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Off-Off-Broadway Review

The Cure

The Cure
"The Cure" attempts to address the profound issues of death and immortality. The aim is admirable, given that the current vampire craze often fails to explore these subjects very deeply, but "The Cure" ultimately doesn't meet its goal of taking them seriously.

The set and costume design undermine the show's attempts to travel beyond cliché. The chain-draped set looks more like an inexpensive S&M dungeon than the sanctuary of a vampire family following its own moral code. The black leather-and-mesh costumes further cheapen the show's intentions.
Marc Weiser's score feels contemporary and catchy, with power ballads that could certainly outlive this year's festival. His compositions showcase the cast's remarkable talent, especially the tremendous vocals of Michael Buchanan, Zak Resnick, Gregg Goodbrod, and Jen Sese. In solo numbers, these four move well beyond the bounds of the script to deliver performances of depth and feeling. In "Who I Am," for example, Buchanan comes into his own, radiating with emotion. Similarly, while Resnick's voice and delivery impress in powerful songs like "100 to 1," his character falls a bit flat, relying upon the stereotype of a reformed, dying bad boy.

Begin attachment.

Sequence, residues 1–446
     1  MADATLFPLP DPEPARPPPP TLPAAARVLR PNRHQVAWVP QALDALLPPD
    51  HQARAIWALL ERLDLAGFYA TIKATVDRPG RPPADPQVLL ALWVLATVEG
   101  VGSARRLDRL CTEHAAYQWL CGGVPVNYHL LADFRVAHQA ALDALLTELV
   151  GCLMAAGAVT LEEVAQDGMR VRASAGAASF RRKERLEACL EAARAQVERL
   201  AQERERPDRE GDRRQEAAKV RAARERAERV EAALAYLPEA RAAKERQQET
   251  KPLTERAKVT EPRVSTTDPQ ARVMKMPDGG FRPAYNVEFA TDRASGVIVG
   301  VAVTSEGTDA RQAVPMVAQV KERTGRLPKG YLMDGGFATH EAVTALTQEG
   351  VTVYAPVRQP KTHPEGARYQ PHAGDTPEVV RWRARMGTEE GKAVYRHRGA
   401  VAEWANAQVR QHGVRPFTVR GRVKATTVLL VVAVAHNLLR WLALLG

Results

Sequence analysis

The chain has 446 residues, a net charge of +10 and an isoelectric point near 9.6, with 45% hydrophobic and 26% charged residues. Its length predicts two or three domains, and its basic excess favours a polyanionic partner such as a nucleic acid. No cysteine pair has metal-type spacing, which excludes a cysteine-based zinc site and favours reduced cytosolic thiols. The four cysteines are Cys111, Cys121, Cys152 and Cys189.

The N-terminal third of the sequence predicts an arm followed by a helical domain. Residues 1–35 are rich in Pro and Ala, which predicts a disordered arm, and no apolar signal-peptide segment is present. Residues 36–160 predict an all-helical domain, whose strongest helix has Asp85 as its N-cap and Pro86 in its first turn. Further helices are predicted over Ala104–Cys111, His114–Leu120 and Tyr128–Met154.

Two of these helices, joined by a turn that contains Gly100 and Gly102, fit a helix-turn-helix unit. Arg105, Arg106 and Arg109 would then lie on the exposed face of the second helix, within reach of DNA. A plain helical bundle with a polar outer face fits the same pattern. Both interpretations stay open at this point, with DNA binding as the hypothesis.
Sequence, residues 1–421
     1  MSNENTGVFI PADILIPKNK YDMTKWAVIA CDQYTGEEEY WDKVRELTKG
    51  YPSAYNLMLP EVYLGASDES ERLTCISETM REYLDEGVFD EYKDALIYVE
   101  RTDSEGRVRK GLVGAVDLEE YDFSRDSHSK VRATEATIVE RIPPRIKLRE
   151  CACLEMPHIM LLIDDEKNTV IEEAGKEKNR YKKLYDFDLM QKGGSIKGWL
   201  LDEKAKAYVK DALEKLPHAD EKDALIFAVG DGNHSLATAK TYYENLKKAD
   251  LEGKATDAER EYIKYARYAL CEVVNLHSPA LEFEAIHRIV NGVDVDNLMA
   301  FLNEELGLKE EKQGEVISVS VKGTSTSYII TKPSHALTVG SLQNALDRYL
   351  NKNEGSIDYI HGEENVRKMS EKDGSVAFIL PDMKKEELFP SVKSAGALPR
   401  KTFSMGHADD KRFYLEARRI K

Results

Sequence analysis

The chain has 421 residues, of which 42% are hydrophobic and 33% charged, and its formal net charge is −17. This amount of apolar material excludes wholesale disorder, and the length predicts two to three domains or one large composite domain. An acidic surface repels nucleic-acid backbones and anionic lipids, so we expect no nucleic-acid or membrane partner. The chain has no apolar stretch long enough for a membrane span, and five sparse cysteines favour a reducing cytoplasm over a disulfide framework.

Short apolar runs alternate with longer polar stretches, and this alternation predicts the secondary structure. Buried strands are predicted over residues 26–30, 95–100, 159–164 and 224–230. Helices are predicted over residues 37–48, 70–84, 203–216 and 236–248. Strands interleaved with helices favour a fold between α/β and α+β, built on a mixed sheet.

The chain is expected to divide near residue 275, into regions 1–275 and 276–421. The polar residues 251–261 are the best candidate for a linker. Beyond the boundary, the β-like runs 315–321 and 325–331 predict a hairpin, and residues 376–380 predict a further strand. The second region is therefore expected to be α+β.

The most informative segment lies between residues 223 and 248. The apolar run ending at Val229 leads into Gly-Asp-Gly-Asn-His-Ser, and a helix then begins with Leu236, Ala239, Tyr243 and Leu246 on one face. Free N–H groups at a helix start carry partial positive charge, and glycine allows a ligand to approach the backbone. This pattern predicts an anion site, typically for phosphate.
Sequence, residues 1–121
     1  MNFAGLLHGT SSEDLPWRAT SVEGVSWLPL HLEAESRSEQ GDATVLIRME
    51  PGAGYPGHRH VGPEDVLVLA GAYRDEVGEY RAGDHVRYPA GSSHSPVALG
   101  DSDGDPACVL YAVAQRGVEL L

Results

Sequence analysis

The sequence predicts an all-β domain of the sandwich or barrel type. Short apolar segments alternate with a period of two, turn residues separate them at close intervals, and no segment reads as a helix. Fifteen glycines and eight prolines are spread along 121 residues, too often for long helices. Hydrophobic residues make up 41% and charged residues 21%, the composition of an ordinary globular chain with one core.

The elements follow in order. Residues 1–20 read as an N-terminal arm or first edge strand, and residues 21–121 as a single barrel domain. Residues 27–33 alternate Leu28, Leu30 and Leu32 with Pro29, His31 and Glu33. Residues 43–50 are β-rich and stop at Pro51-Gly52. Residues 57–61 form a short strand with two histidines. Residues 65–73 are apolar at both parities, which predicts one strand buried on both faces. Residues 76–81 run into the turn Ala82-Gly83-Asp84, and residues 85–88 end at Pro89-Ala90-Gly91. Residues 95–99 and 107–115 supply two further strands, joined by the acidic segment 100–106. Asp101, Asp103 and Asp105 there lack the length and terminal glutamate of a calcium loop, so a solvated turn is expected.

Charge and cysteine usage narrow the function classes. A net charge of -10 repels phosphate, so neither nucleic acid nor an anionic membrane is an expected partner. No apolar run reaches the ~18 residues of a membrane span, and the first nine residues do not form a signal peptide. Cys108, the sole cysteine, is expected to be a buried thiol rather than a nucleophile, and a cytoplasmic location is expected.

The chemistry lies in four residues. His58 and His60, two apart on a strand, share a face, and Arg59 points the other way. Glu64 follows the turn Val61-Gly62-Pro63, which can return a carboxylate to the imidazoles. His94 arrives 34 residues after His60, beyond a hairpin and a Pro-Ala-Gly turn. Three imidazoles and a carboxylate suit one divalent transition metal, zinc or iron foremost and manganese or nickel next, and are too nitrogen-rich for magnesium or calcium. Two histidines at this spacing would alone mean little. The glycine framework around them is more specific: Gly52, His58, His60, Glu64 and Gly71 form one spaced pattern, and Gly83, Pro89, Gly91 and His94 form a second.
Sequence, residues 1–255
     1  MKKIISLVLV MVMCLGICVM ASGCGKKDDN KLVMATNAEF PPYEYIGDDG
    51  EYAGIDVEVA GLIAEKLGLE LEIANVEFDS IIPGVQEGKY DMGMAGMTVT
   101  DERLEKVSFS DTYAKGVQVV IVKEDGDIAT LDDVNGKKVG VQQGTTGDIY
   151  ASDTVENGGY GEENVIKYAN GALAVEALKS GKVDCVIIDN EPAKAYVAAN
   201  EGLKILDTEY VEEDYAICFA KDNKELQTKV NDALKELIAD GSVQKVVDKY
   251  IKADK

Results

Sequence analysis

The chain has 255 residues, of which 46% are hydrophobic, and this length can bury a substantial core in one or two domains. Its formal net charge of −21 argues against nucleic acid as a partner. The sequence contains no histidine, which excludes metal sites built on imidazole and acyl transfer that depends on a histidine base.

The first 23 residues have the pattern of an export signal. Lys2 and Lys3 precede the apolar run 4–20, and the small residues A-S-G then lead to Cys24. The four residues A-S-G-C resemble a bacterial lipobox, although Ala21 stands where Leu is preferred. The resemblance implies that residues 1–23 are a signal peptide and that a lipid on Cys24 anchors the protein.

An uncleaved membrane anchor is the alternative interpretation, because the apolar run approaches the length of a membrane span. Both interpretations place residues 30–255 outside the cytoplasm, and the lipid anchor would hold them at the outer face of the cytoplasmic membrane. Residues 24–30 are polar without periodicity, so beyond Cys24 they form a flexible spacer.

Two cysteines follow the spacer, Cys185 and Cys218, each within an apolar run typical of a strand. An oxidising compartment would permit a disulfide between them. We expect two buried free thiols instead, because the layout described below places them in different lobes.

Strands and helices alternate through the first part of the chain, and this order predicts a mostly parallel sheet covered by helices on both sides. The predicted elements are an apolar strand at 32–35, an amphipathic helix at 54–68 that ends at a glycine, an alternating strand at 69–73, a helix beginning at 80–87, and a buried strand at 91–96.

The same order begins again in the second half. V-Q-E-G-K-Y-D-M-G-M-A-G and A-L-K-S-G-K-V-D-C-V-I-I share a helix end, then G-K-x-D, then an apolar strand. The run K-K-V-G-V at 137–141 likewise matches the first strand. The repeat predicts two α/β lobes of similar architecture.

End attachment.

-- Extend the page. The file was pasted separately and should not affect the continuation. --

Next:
"The Cure" certainly has potential, but the prevalence of forced and confusing plot turns hampers its attempts to move beyond standard vampire fare.

Presented by Samantha Saltzman in association with Michael Cedar, Michael Roderick, and Erica Ruff as part of the New York Musical Theatre Festival at the Chernuchin Theatre, American Theatre of Actors, 314 W. 54th St., NYC. Oct. 2–11. Remaining performances: Tue., Oct. 6, 8 p.m.; Sat., Oct. 10, 9 p.m.; Sun., Oct. 11, 1 p.m. (866) 811-4111 or Casting by Michael Cassara.

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